Spint (red spider mite): an annoying and almost invisible pest.
Certainly among garden lovers, the 'spint plague' is an ever-recurring annoyance. Prevention is an effective weapon against what in Dutch are called spint, a handier name than the English red spider mite (so we’ll use them interchangeably here). Anyway, check regularly to prevent this minuscule pest from getting a foothold on your plants.
Spint are plant parasites that are usually between 0.2 and 0.5 mm in size. There are many species of mite, and unlike insects they have eight legs, which are pointed conspicuously to the front and back. They have a pear-shaped, yellowy-green, brownish or red body. Spint mites thrive in warm, dry conditions and particularly pick on plants that are under stress and weakened from drying out. They pierce the cell walls of buds, flowers and fruit and suck them dry. Thanks to this the cells are no longer able to take up sufficient nutrients, with inevitable results.
Spint mites multiply rapidly in warm, dry weather. In a single year up to nine generations are possible and each female can lay 80 or so eggs. The parasites survive the winter as eggs, as adults hidden in the soil or in the crevices in bark. Usually you’ll be able to observe the symptoms before the actual infestation itself. The first signs are tiny: silverish or yellow speckles on the upper side of the leaves. With a serious infestation their webs can cover an entire plant.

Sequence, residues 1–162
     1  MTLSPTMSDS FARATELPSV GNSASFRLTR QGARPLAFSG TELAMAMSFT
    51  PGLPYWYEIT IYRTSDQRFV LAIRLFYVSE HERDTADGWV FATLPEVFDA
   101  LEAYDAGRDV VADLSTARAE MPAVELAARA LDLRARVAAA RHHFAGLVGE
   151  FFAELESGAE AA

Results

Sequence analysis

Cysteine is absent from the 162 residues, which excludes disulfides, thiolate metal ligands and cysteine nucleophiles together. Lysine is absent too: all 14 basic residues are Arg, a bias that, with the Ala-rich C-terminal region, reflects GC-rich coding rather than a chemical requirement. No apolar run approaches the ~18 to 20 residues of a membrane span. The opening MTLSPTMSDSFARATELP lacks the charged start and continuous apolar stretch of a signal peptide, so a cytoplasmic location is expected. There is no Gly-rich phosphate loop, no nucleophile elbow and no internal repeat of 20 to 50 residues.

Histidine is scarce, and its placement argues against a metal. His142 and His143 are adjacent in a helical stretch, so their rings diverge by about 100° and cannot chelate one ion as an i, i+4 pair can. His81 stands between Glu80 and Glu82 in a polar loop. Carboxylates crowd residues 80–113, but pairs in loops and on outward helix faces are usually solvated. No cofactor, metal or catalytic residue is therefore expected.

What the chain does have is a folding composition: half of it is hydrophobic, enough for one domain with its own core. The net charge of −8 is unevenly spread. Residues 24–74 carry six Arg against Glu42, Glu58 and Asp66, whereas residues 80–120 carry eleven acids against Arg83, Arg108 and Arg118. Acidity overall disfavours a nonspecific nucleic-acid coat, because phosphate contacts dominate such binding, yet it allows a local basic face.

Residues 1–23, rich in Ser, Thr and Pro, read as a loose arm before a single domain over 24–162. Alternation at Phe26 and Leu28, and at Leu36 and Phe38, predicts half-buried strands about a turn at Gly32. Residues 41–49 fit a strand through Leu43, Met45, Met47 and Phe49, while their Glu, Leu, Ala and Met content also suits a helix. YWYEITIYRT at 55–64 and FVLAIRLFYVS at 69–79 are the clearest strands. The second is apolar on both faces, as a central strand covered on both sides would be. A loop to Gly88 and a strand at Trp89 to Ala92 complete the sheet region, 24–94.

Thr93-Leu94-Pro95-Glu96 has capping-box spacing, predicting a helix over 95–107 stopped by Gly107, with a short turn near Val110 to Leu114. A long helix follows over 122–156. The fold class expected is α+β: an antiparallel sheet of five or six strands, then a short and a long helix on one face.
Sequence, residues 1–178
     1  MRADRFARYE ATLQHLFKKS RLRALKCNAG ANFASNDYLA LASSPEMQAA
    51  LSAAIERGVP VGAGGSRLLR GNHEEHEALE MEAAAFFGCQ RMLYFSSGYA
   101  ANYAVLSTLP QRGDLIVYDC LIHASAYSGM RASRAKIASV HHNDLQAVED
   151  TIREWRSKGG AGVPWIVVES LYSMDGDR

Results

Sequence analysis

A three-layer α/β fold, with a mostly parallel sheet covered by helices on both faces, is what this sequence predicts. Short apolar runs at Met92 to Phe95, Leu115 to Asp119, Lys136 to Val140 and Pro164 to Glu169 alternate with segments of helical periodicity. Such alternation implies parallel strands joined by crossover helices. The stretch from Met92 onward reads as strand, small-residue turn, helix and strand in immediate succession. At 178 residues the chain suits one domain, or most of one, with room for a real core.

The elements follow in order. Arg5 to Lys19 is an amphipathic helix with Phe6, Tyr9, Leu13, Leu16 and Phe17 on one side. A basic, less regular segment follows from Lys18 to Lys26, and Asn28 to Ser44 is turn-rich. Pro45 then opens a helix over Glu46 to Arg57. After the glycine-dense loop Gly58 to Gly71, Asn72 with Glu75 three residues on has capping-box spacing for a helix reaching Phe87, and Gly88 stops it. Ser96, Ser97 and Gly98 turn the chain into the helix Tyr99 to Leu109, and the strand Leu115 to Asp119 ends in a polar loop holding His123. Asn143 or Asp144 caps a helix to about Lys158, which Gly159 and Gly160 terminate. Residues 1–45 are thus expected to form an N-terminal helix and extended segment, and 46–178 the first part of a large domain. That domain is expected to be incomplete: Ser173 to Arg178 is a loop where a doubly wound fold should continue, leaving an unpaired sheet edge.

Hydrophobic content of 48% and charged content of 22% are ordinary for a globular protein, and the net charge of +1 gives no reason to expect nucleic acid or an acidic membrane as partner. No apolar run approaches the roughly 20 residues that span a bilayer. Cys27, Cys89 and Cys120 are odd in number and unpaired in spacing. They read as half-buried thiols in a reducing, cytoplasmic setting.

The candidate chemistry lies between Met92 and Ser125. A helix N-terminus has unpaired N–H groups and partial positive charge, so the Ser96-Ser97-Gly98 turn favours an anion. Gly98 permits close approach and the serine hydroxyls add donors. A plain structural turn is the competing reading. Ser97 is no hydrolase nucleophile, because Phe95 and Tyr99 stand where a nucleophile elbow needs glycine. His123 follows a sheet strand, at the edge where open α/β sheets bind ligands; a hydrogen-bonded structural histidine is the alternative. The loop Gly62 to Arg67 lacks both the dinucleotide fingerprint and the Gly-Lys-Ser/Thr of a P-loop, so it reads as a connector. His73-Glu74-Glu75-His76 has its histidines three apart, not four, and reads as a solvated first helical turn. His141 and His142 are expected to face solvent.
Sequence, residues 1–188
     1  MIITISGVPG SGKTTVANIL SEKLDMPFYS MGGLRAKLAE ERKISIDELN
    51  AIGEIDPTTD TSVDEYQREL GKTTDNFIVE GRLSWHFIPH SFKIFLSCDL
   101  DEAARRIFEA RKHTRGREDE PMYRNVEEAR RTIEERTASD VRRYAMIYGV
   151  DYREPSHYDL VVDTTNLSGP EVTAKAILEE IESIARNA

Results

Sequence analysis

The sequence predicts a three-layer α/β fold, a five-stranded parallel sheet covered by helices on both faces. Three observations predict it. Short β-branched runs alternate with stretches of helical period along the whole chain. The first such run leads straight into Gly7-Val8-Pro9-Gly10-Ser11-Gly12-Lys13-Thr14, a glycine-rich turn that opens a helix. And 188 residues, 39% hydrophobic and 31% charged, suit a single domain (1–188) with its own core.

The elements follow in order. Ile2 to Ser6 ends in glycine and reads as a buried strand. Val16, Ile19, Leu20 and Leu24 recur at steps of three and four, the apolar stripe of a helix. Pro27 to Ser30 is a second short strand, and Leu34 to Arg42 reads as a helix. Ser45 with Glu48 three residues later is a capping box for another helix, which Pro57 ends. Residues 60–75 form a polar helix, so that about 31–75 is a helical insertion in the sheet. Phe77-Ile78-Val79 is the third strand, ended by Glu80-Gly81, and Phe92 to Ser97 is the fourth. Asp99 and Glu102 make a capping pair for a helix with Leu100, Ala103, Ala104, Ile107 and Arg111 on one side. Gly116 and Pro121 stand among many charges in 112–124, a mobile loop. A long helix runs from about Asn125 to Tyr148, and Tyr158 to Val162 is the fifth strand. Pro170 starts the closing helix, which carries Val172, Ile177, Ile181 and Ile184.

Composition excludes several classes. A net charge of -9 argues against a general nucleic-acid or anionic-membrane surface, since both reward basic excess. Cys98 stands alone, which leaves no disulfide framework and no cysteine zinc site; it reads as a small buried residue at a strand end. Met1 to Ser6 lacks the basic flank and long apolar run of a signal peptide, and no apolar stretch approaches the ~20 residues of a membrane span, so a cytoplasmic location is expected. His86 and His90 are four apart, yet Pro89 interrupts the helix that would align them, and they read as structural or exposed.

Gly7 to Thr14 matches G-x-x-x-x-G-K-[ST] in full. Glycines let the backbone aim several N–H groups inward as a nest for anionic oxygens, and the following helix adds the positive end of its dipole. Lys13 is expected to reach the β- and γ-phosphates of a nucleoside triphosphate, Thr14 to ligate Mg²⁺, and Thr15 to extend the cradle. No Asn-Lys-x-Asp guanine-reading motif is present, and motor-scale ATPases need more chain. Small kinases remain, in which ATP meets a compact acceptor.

Prevention is the best cure. So for a start keep your plants and their environment a little moist. If you discover an infestation, remove the infested parts as quickly as possible. Then rinse the plant thoroughly with a solution of methylated spirits and soapsuds. Repeat this treatment a few times a week.
If you still have the infestation after a few weeks, then your best option is to apply a substance based on natural pyrethrum. However, be careful with these agents because they’re also harmful to humans if you ingest them or let them come into contact with an open wound. Here we must also bear in mind that thanks to the rapid succession of generations, these spint mites can quickly develop resistance. That’s to say that after a number of applications of a particular substance and failing to eradicate them, only using a different one is likely to help. What’s more, most insecticides have no effect on the eggs.